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    • Ava Cho performing at the Spring 2021 Orchestra Concert.

    • Ava Cho '22

Artist of the Issue: Ava Cho

Rose Robertson ‘24 Assistant Arts Editor
Ava Cho ‘22 was encouraged to learn an instrument at the age of seven, and has been enthralled with the violin ever since. Whether through studying AP Music Theory at Hopkins, or enjoying the work of Tchaikovsky, Mendelssohn, Berlioz, and Beethoven, Cho has been persistent in honing her violin virtuosity.
Cho described the start of her musical journey: “After sitting in a couple of lessons at a music school, I felt myself drawn to the sweet, melodious sound of the violin.” She discovered her “true passion” for the instrument three years later, with the help of a new teacher: “She pushed me to unlock an emotional connection with music, where I learned how to physically portray my playing through movements and discover stories through
the phrasing and dynamics.” That same year, Cho first encountered chamber music and a commonality with other young musicians. After almost ten years of playing the violin, she is currently tackling the Sibelius Violin Concerto, “one of the most famous, difficult pieces of violin repertoire.” Cho plans to continue studying music in college, as either a minor or as half of a double major.

The shared love of music between Cho and her fellow performers brings them closer together. Despite her enthusiasm for being a member of an orchestra, she prefers performing chamber music. Cho recalled a cherished musical experience at the 2019 Hopkins Spring Orchestra Concert: “One of my favorite, memorable moments was performing the second movement of Shostakovich’s 8th Quartet along with alumni Alex Zhang ‘19,
Kyle Shin ‘20, and Noah Stein ‘21.” She said, “Music allowed me to connect with these musicians on a very deep level through hours of practice and laughter together. Same thing goes with my piano trio that performed at the opening day Assembly this year; I believe chamber music builds a strong community.”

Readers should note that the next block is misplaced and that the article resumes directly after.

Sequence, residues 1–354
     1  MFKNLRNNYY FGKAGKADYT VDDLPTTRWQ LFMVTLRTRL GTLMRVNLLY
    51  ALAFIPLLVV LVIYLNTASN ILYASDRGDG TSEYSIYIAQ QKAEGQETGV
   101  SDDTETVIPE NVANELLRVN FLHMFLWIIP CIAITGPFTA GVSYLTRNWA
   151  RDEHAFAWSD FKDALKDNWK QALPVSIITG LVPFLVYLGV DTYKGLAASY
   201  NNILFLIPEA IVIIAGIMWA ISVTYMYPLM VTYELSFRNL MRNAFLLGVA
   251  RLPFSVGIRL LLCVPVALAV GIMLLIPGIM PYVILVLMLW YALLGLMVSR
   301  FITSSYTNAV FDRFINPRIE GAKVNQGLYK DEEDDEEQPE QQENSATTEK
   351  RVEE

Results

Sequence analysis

Cho also wants others to reap the benefits of music, so she founded the Busking for Change (BFC) Club, which raises money for non-profit organizations through the performance of music in public spaces. The club began at Weston Middle School, spreading to Weston High School and then to Hopkins where Cho effectuated it in her Sophomore year. Her previous experience in busking drove the idea for the club: “I had previously busked on my own back in seventh grade, but I wanted to further use my violin and busking experiences to help my community.” The group strives “to bring musicians together and connect the community through the joy of music.” The Covid-19 pandemic has not halted the BFC’s positive impact. Cho said, “Members and I organized several in-person and virtual performances over the past few years, raising over ten thousand dollars for various non-profit organizations.”

Cho advised young musicians hoping to make their mark creatively to find a compelling motivation behind their work: “I would recommend searching for an inspiration that will help influence both practicing and a love for music. Whether it be from a famous violinist or working with other musicians in a chamber/orchestral setting, inspiration goes a long way when trying to improve.”
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The Razor's Edge reflects the opinion of 4/5 of the editorial board and will not be signed. The Razor welcomes letters to the editor but reserves the right to decide which letters to publish, and to edit letters for space reasons. Unsigned letters will not be published, but names may be withheld on request. Letters are subject to the same libel laws as articles. The views expressed in letters are not necessarily those of the editorial board.
     
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